// :: Specializing in C# .NET software development, I help companies develop
    // :: leading edge software solutions across multiple platforms and languages.
    // This program yields the following output:
    // 123, 124, 125
    // 126, 127, 127

    using System;
    using System.Collections.Generic;
    using System.Linq;
    using System.Text;

    namespace IncrementExample
    class IncrementExample
    static void Main()
    int x = 123;
    // Displays 123, 124, 125.
    System.Console.WriteLine(“{0}, {1}, {2}”, x++, x++, x);
    // x now contains the value 125.
    // Textbook says Displays 126, 127, 128.
    // It actually displays 126, 127, 127.
    System.Console.WriteLine(“{0}, {1}, {2}”, ++x, ++x, x);
    // Text book says x now contains the value 128.
    // It actually contains 127


    I hope this is helpful.

    Rich Leyton
    :: Specializing in C# .NET software development, I help companies develop
    :: leading edge software solutions across multiple platforms and languages.

  • Richard Leyton says:

    Regarding my comment, would you like me to upload a picture?


    Rich Leyton

  • Rob says:

    I had very high hopes for this book, both to use as a reference, and to help me upgrade my c# knowledge from 4.0 to 5.0.

    The first thing I did after receiving the book was open the index, as I wanted to see what the book had to say about some of my favourite topics.

    To my complete surprise and dismay, the index to this book is completely unusable. There are so many nested levels in the index, and nothing of any kind letting you know where you are, it’s completely impossible to navigate. Most indexes separate the topics by letter (e.g. “A” topics, “B” topics, etc. all the way to “Z”). Nothing like this exists, and I couldn’t find what I was looking for in anything close to a reasonable amount of time.

    I guess I’ll switch back to the C# In A Nutshell series – I should never have moved away from that.

  • Oliver says:

    Errata (First printing, November 2012)
    Chapter 16, page 651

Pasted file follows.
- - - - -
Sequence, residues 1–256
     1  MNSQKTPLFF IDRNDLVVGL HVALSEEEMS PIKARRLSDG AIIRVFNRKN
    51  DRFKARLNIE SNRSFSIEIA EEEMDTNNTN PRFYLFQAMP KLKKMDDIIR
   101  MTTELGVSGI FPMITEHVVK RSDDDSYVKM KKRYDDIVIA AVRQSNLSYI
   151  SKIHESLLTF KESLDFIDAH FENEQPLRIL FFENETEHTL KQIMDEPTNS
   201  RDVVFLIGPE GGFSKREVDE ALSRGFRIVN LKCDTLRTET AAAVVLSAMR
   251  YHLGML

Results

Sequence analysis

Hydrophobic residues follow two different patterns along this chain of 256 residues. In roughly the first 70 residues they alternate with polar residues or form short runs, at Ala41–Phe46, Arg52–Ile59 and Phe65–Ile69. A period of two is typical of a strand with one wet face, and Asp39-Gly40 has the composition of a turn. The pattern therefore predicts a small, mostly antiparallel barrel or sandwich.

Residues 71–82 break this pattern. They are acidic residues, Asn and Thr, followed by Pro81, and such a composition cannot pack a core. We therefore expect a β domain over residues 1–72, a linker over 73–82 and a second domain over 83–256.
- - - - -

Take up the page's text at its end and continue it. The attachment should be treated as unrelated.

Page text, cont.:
Requirements of Equality Comparisons:

    … there must be two unequal items that have the same hash code because there are only 232 possible hash codes, …

    I think there are little more then 232 hash codes. Indeed there are 4,294,967,295 possible hash codes (range of Int32).

  • Rusty says:

    Errata: Essential C# 5.0, First Printing, p. 100:

    The comments in Listing 3.18 should indicate that the final value of “x” is 127, not 128. Similarly, Output 3.12 should also reflect a final value of 127.

  • jaysan says:

    First printing November 2012 edition :
    All chapter 3 pages missing the “3” in the top header of the pages saying “Chapter : Operators and Control Flow”
    It should be : “Chapter 3 : Operators and Control Flow”

  • jaysan says:

    First printing November 2012 edition :
    Page 100, the listing 3.18 says in the comments :
    “// x now contains the value 128.”
    It should be :
    “// x now contains the value 127.”

    Then the output 3.12 says :
    “126, 127, 128″
    It should be :
    “126, 127, 127″

  • jaysan says:

    First printing November 2012 edition :
    Page 107, the first paragraph is also printed at the end of page 103 :
    “The remainder of this chapter… at the end of the chapter.”

  • Danny says:

    In Chapter 2, p. 37, your specification for the double-precision floating-point type is incorrect: “k is an integer ranging from [...] -1075 to 970 for double.”

    The correct range is -1074 to 971.